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George Goruk

 

Born: Bellis, Alberta

 

Born in 1929 in Bellis, Alta., a tiny hamlet about halfway between Edmonton and Cold Lake, George Goruk was attracted by the excitement surrounding the discovery of oil at Leduc in 1947. In 1950, at the age of 21, he signed on with Alberta Well Servicing, at the time active in the development of the Leduc field.


Two years later, he moved over to Kenyon’s Oilfield Drilling and Servicing and worked his way up the ranks, eventually becoming a field superintendent overseeing Kenyon’s service rigs in Alberta and Saskatchewan.


But life on the rigs or in the field was not what George wanted for a long-term career, and in 1962 he acquired the assets of Red Deer–based Chupp Well Servicing and started Target Well Servicing, which he built into a modern fleet over the next decade before selling to Thomson Industries in 1973 and staying on as vice-president.


He continued to actively grow Thomson’s fleet, setting up service rig subsidiaries in Wyoming and Texas and sending the first Canadian service rigs to Australia.


Beyond entrepreneurship, George was an early innovator. At Thomson, he commissioned the construction of a self-propelled service rig rated to 25,000 feet, at the time one of the largest service rigs in Canada, and acquired the rights to a coiled tubing injector head from Brown Industries in Texas. He used it to build one of Canada’s first coiled tubing units, an innovative self-propelled carrier with the injector head mounted in a derrick.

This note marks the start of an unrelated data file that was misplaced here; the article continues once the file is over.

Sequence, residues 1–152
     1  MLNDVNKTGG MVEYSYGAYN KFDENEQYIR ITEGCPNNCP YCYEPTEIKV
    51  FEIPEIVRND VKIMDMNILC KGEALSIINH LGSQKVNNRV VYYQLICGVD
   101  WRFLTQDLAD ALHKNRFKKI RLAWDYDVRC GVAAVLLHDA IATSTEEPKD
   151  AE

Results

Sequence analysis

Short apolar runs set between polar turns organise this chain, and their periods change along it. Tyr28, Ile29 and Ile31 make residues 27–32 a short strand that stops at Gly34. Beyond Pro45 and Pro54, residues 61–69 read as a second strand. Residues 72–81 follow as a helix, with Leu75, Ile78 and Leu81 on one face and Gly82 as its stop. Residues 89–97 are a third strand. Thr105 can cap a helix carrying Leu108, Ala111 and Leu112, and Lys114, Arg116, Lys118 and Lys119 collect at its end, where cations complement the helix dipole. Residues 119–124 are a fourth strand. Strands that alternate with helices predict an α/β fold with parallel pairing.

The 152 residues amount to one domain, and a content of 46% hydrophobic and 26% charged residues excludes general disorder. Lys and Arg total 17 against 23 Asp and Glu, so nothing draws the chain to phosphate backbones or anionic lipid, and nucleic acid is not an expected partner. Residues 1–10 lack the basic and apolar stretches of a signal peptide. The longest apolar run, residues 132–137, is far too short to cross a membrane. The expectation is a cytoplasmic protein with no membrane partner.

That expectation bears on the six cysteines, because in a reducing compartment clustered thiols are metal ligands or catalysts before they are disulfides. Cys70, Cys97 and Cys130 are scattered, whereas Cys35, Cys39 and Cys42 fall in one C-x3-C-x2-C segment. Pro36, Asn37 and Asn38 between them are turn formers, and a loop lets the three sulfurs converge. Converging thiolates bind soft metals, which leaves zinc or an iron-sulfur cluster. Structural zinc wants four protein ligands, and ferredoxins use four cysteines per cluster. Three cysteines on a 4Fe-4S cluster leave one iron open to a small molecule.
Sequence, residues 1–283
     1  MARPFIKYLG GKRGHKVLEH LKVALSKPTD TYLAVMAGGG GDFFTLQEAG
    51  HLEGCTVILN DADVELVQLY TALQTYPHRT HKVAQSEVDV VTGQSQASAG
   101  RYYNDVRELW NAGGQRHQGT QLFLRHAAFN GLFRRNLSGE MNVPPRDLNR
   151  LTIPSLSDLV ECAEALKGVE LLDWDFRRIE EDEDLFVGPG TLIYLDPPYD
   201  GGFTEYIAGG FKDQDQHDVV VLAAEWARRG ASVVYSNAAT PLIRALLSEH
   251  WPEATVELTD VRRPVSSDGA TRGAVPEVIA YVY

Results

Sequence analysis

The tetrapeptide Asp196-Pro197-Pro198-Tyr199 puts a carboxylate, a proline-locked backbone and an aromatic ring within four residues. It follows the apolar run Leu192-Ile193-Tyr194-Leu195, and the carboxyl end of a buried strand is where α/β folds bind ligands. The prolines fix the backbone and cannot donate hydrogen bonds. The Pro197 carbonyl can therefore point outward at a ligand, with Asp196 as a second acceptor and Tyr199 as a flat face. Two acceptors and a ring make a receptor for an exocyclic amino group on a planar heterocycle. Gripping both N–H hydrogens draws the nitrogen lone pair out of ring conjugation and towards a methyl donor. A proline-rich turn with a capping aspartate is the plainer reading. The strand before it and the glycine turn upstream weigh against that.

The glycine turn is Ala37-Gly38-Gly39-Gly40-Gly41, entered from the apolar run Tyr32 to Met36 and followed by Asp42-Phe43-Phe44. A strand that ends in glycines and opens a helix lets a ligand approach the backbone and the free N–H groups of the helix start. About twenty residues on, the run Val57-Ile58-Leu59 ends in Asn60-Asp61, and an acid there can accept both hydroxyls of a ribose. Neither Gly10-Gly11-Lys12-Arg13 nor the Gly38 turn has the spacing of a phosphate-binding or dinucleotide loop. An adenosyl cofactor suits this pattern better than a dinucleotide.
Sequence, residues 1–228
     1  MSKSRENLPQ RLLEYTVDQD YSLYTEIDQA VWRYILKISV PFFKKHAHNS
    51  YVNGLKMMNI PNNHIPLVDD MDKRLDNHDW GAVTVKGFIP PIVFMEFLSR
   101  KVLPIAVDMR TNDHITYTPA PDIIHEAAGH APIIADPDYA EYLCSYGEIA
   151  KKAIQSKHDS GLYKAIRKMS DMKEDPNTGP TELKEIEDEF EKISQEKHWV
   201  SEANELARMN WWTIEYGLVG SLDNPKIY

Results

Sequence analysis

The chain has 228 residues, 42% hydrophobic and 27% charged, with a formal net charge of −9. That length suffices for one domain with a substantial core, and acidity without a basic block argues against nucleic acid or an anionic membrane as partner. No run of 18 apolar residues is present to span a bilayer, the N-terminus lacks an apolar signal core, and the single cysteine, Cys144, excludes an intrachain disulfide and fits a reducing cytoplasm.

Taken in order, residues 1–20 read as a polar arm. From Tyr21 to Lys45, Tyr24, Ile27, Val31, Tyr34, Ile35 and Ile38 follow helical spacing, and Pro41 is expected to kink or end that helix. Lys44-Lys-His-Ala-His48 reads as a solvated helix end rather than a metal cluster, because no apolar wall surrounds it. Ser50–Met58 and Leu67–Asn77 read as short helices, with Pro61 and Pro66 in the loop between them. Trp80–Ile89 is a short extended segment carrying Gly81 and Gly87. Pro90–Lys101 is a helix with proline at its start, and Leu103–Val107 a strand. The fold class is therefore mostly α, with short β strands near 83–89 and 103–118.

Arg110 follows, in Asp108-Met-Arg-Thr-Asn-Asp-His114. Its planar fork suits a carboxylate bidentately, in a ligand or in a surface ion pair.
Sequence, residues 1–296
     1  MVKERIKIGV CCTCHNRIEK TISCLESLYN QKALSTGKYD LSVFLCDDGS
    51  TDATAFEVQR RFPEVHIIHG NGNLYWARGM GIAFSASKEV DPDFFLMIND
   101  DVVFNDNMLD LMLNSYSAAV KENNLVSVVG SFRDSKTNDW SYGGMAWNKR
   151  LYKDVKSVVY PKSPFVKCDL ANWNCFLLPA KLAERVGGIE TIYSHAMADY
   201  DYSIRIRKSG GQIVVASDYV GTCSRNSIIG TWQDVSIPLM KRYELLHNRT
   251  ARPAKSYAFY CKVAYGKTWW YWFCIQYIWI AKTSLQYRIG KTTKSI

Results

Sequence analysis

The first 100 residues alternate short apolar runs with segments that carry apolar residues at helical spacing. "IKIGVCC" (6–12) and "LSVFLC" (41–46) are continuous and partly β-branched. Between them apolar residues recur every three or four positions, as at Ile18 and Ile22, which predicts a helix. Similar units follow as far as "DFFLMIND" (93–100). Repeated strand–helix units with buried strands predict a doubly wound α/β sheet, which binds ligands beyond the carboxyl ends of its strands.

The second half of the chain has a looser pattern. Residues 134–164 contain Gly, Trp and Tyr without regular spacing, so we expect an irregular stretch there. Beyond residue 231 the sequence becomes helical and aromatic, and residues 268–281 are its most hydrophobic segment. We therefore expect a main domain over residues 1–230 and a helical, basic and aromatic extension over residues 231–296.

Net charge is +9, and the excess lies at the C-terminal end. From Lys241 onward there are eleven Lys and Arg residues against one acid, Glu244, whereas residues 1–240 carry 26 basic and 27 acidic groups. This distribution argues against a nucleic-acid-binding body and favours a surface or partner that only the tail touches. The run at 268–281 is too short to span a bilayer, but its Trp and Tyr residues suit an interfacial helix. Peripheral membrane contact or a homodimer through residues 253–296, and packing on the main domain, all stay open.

George continued to grow the Thomson well service division by adding Nitro Gas Stimulation Services in Calgary, L&M Oilfield Rentals in Edmonton and Arrow Supply in Corpus Christie, Texas, before Thomson was acquired by ATCO in 1978.


George was named president of ATCO Oilfield Services and continued to oversee Target (now renamed ATCO Well Servicing) and the other Thomson companies he established. When ATCO eventually sold its well services businesses, George stayed on as a director of ATCO Drilling until it was rolled into a new company, AKITA Drilling, in 1993.


A long-time member of the Oilfield Technical Society, George was also active in the Canadian Association of Oilwell Drilling Contractors and served as chair of its service rig division. He participated in the Alberta government’s trade mission to Russia in 1987 and has contributed to a number of committees and organizations over the years.


George retired in 1994 but continued to raise registered quarter horses and polled Hereford cattle for several years on his farm near Sylvan Lake, Alta., which he now runs with his sons as a hay and grain operation.

 

   
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